Also on Monday, the state Department of Corrections said a second worker in a Wisconsin prison tested positive for the virus. The latest positive test was at the Columbia Correctional Institution in Portage. It comes after a doctor at the Waupun Correctional Institution tested positive last month. Both prisons are maximum security.
No prisoners have tested positive, the department said Monday. Inmate advocacy groups, fearful of an outbreak of the virus behind bars, have been urging Evers to make a series of sweeping changes to protect inmates, including letter older ones go free.
Evers on Saturday froze new admissions to the state prisons, saying inmates will have to continue to be housed in county jail cells.
Also, all jury trials in Wisconsin have been postponed until at least the end of May and in-person court proceedings have been suspending statewide through at least the end of April.
33-year-old member of Wisconsin Legislature has virus
A 33-year-old Wisconsin state representative from Milwaukee says he has tested positive for COVID-19, becoming the first member of the Legislature known to have contracted the disease caused by the coronavirus.
Democratic Rep. David Bowen said Monday that the confirmation came over the weekend after he had been running a fever late last week. Bowen said he is quarantined at home and “still fighting symptoms.”
Bowen said he learned last week from the Shorewood Health Department that he had been in contact with a fellow local elected official who had tested positive. He said he immediately quarantined himself and after he started to show symptoms himself got tested.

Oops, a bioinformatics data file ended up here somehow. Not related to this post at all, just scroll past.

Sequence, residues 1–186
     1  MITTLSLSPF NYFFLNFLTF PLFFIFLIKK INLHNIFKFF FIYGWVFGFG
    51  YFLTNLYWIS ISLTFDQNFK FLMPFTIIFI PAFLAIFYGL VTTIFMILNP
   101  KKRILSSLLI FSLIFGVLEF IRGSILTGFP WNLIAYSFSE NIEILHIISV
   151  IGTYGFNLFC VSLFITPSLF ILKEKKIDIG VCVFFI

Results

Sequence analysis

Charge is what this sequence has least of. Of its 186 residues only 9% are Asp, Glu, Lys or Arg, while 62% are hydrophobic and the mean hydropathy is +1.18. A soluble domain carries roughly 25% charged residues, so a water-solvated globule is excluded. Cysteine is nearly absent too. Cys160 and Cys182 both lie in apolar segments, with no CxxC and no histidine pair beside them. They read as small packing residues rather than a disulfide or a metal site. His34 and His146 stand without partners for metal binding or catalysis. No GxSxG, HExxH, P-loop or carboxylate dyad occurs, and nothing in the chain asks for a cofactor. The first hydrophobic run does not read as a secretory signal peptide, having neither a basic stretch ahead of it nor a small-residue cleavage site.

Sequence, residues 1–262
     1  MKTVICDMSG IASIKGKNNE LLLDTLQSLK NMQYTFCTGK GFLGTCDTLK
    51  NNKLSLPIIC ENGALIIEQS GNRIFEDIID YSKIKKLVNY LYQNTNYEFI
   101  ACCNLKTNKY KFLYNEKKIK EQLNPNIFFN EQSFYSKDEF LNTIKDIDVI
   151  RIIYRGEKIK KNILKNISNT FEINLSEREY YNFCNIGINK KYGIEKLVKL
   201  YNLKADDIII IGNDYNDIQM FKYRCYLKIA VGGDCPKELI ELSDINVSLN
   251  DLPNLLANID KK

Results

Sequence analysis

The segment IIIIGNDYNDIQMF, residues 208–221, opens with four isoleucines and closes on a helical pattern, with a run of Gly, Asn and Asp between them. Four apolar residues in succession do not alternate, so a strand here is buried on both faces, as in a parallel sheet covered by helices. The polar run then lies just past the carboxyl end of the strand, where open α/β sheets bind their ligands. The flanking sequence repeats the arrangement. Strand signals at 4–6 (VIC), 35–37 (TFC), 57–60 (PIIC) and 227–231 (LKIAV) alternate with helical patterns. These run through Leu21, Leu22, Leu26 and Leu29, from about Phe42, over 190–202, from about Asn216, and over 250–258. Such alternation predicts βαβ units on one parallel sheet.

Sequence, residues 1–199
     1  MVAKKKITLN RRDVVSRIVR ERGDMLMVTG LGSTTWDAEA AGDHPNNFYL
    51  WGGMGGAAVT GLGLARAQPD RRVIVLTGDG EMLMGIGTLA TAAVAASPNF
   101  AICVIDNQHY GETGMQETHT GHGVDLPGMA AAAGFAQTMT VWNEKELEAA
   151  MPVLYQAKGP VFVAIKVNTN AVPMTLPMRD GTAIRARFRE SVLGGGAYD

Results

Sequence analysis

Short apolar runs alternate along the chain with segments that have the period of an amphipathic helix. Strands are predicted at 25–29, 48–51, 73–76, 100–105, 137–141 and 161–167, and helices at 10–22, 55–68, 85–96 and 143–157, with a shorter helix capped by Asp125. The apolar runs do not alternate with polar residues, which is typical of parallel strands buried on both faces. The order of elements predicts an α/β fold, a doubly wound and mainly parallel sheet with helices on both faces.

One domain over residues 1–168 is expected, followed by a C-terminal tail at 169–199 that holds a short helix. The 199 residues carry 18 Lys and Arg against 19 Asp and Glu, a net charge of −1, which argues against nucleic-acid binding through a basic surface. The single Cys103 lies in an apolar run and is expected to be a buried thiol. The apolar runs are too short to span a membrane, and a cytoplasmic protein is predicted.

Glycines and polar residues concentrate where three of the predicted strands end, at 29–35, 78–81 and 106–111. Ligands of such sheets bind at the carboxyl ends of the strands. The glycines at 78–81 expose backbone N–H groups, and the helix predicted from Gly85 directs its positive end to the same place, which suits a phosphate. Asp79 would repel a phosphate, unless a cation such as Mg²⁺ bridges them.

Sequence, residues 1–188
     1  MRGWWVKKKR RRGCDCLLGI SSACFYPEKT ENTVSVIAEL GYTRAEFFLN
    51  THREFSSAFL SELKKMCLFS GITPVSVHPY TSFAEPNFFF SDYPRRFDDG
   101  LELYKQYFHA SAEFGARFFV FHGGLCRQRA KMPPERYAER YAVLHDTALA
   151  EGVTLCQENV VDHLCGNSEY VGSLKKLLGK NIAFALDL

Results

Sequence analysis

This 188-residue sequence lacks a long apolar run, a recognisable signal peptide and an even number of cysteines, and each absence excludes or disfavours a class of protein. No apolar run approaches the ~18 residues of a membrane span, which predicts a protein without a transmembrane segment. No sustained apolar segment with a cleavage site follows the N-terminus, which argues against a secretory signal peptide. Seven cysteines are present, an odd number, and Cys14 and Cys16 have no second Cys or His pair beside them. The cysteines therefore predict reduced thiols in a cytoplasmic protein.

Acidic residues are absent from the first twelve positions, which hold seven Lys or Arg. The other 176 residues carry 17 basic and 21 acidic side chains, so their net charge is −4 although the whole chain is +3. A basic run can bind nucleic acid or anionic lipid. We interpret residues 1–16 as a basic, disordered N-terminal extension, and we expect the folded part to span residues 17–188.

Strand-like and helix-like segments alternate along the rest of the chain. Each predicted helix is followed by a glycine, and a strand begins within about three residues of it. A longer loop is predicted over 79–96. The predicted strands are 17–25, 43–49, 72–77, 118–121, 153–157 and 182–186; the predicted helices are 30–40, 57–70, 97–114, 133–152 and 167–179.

“It is imperative that this virus be taken seriously and that individuals minimize social interactions and stay home to prevent further spread of this virus and its immobilizing symptoms,” Bowen said. “Had I known of my status even earlier, I would have reduced my exposure to others who may potentially have gotten the virus from me.”
University of Wisconsin-Madison cancels graduation ceremony
The University of Wisconsin-Madison has canceled its planned graduation ceremonies that were to take place May 8 and May 9 and will instead offer a "virtual ceremony."
The decision from UW-Madison announced Monday was not unexpected given similar moves made by universities across the country. UW-Madison Chancellor Rebecca Blank said the university and senior class officers were developing a virtual commencement that will be posted online May 8 for all graduates to watch.
She also says an in-person event at a future date after the public health crisis has subsided is being planned.
About 7,000 undergraduate degrees are typically handed out at the May graduation ceremony that attracts about 40,000 people.
"Of all the decisions we've had to make in this extraordinary time, this one has been the most heartbreaking for me," Blank said. "We held out on this decision as long as possible, in hopes that the outlook for late spring might brighten and we'd be able to gather as usual."
But she said given the state and federal guidelines against gatherings of more than 10 people, there was no way any graduation ceremonies could proceed, including smaller ones in schools, colleges, departments or other campus organizations.